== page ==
Glooko was kind enough to give me a cable to review, no string attached as it were. I’lI get to that review in the upcoming weeks because this is more an editorial Grail Quest than review.
I have been been on this search for the diabetes management version of the Holy Grail for a while. Back in 2007 I wrote “my quests is for a diabetes management software application that is worth using. I would like the cure and the Holy Grail while I am at it too - they seem just about as likely.”
The thing about Grails is that your definition of it tends to grow while you are looking for it. Data standards became part of my Grail Quest because I want all the data, that comes from different machines, to play nice together in the diabetes sandbox. I wrote about this back a then too but what I have forgotten in my quest is that a UN translator is almost as good as data standards. If you don’t think a UN translator can be sexy, go watch Audrey Hepburn in Charade. (I am sure it will be more interesting than the rest of this post.)
Glooko may be such a UN translator, if not as classically lovely as Ms. Hepbrun. It looks like a step in the direction from a different nations of the diabetes globe talking together perspective
It is also a shift in the center of the diabetes data management universe. Glooko is a cable that connects a meter to an iPhone. I think data in your smart phone instead of your computer is a move closer to where folks with diabetes live their lives.
You maybe thinking, where have I seen this before? Probably the presentation of introducing the iPhone 3 back in 2009. Apple had J&J dummy up an cable and and app for the big unveiling. It never saw the light of day - well maybe until now.
Glooko is a cable that can connect meters, from a variety of manufacturers, to an iPhone, iPod, or iPad. The application does the translation of the data from Bayer, Abbott or OneTouch’s data format and fill in the log book. That mix of brands is part of the path to the grail. To me it is significant that Glooko plays the roll of Audrey Hepburn and translates data from different meters into one log. You can email that log right out of the device.
That is not the only step towards the chalice. I see shifting from computer based applications to a mobile device as moving data collection, and hopefully use, closer to people with diabetes' lives. A more mobile logbook and translations of data are steps towards the grail even if they are not the goblet itself.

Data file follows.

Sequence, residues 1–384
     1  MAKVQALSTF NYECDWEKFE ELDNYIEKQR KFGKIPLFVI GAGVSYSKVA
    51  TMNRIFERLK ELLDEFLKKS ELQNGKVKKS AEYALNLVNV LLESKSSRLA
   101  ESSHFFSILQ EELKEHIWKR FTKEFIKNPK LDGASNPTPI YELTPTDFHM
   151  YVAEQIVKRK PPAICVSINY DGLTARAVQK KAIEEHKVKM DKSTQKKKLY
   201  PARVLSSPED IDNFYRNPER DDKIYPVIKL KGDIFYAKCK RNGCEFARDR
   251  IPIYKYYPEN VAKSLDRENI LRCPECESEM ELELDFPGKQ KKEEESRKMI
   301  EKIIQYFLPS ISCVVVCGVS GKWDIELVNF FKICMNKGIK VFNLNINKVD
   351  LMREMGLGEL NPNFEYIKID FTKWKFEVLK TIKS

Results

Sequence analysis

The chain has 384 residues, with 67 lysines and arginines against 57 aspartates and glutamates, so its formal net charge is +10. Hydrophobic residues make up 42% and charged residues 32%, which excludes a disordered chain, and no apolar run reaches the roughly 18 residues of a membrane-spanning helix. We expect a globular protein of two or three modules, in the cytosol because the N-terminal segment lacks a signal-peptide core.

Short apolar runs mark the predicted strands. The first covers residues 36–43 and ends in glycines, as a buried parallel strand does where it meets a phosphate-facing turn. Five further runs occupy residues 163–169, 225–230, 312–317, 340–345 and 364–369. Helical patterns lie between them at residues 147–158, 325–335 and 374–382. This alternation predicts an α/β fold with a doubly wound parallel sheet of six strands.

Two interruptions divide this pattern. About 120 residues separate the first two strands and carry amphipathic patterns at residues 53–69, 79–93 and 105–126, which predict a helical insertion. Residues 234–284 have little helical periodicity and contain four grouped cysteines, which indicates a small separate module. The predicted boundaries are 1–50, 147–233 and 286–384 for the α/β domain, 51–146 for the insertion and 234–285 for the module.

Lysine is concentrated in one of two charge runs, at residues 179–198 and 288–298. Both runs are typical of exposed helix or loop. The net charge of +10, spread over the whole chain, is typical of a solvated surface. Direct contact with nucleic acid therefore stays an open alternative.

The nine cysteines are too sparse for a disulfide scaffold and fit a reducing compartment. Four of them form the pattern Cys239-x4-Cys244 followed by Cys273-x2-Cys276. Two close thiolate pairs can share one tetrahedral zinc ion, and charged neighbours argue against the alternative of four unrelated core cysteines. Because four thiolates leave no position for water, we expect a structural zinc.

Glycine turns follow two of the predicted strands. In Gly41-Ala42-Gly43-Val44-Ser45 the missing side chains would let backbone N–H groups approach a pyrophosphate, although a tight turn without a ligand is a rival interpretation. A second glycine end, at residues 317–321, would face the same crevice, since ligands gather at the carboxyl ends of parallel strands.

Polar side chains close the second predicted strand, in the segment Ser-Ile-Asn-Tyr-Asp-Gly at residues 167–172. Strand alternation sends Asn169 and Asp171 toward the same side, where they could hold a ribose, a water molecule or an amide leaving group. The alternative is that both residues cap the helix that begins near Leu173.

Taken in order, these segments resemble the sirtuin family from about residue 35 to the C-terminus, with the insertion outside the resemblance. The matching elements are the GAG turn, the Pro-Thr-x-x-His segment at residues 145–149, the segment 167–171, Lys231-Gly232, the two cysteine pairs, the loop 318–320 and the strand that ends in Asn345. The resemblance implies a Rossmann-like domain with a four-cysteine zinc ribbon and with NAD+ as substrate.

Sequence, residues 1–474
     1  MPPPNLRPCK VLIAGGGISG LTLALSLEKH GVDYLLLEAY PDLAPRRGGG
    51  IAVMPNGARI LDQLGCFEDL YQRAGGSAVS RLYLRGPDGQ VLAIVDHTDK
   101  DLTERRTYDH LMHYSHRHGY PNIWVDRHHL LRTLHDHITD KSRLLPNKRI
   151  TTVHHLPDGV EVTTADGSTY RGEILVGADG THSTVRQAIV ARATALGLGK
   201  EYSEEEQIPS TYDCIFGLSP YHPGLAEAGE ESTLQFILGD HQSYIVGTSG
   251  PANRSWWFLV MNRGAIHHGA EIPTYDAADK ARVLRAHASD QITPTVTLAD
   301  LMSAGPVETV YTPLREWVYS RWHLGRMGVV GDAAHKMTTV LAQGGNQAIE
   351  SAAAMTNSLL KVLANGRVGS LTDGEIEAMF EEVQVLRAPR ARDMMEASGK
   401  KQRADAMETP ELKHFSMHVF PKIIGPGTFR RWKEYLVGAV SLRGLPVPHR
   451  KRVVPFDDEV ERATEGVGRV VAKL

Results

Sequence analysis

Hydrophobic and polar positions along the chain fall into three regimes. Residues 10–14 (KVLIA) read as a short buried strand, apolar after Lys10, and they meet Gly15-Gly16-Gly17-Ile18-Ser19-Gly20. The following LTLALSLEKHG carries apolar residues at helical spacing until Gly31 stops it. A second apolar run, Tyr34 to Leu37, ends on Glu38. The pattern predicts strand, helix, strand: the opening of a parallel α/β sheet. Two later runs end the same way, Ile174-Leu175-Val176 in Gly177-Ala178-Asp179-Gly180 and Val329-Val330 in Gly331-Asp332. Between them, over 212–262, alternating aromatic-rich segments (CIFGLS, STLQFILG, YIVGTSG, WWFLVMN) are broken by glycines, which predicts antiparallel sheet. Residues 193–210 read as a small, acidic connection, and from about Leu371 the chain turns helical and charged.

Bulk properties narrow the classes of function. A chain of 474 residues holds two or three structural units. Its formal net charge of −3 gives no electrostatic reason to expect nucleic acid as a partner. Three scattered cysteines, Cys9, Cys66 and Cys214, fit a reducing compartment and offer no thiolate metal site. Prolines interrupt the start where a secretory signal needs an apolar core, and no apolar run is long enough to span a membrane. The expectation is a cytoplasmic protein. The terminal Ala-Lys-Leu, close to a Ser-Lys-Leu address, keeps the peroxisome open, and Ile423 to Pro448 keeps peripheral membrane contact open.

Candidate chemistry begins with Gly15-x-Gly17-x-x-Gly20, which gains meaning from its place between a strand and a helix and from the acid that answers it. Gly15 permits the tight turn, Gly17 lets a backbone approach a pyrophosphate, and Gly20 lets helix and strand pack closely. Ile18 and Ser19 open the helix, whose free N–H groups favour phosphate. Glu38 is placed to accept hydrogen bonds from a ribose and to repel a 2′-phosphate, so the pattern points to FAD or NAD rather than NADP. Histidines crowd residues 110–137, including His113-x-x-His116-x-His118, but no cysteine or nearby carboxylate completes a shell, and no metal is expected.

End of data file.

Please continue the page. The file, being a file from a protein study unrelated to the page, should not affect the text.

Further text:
Back in my UN inspired post I suggested that the makers of meters would come out ahead if they joined in a common app and data development effort. I wrote, some what flippantly, “Just think, all the manufacturers could all reduce the cost of R&D spent on the machine that listens to the Machine that goes PING if they didn’t each have to invent a new language in the process. Hey guys in expensive suits! Lower expenses means more profits and bigger bonuses for the guys in expensive suits or they could then invest that saved R&D money into better design, clearer user interfaces and compete on usability! Yeah I think it would go to bonuses too.”
The logbook is Glooko first step. They say they want to make better tools for diabetes management. Time will tell what that means. More meters and more mobile devices showing up at the UN, probably. More functionality than a basic log book, maybe - but that is an FDA regulation issue and why we all should care about mobile apps. I would love to see devices other than meters talk to the app, not that I am directly lobbying Glooko or anything. OK maybe I am.
I still define the grail like I did back in 2007 as software that would help families adapt to varying diabetes by:
- Tracking for reporting all the data users create in their daily diabetes care without creating a lot more sets of family tasks. We have diabetes – that has enough tasks as it is.
- All the BG data, including CGM info. All the basal data. All the carbs entered into the pump to calculate all the bolus data. Any user defined flags on those carbs like pizza. User defined variables that could be things like heavy exercise, set pulled off, ketones, freaky weather, stress, menstrual cycle, weekday, weekend and what ever else people dream up. The key here is being user definable.
- Then we need reporting ability and the ability to include or exclude data based on those use defined fields. Build reports that average the midnight to 6 am BD data from meters or CGM for nights following a day with hard exercise. There you have info for tailoring basals for a post activity dip in BG.
- How about sorting the data for a school girl’s weekdays, excluding days with PE class to build a normal school day profile and one only for PE days?
To that I would add that grail should ultimately connect to devices wirelessly and store information in a cloud accessible with any modern browser. Which is fairly sophisticated and outside the mindset of the FDA. - All of which is what makes it a Grail.